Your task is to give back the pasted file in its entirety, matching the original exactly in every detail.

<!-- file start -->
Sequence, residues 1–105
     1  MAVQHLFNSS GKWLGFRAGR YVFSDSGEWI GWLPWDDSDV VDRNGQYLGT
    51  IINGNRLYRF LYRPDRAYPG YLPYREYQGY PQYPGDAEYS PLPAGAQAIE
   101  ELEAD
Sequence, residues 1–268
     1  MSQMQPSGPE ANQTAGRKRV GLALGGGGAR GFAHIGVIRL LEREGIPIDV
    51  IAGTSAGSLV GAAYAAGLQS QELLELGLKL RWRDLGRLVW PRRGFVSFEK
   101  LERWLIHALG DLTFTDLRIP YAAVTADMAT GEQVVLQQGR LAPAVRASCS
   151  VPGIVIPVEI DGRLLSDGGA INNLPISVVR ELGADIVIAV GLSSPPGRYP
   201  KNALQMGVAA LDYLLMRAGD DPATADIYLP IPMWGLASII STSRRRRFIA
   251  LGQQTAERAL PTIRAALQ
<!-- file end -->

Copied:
Sequence, residues 1–105
     1  MAVQHLFNSS GKWLGFRAGR YVFSDSGEWI GWLPWDDSDV VDRNGQYLGT
    51  IINGNRLYRF LYRPDRAYPG YLPYREYQGY PQYPGDAEYS PLPAGAQAIE
   101  ELEAD
Sequence, residues 1–268
     1  MSQMQPSGPE ANQTAGRKRV GLALGGGGAR GFAHIGVIRL LEREGIPIDV
    51  IAGTSAGSLV GAAYAAGLQS QELLELGLKL RWRDLGRLVW PRRGFVSFEK
   101  LERWLIHALG DLTFTDLRIP YAAVTADMAT GEQVVLQQGR LAPAVRASCS
   151  VPGIVIPVEI DGRLLSDGGA INNLPISVVR ELGADIVIAV GLSSPPGRYP
   201  KNALQMGVAA LDYLLMRAGD DPATADIYLP IPMWGLASII STSRRRRFIA
   251  LGQQTAERAL PTIRAALQ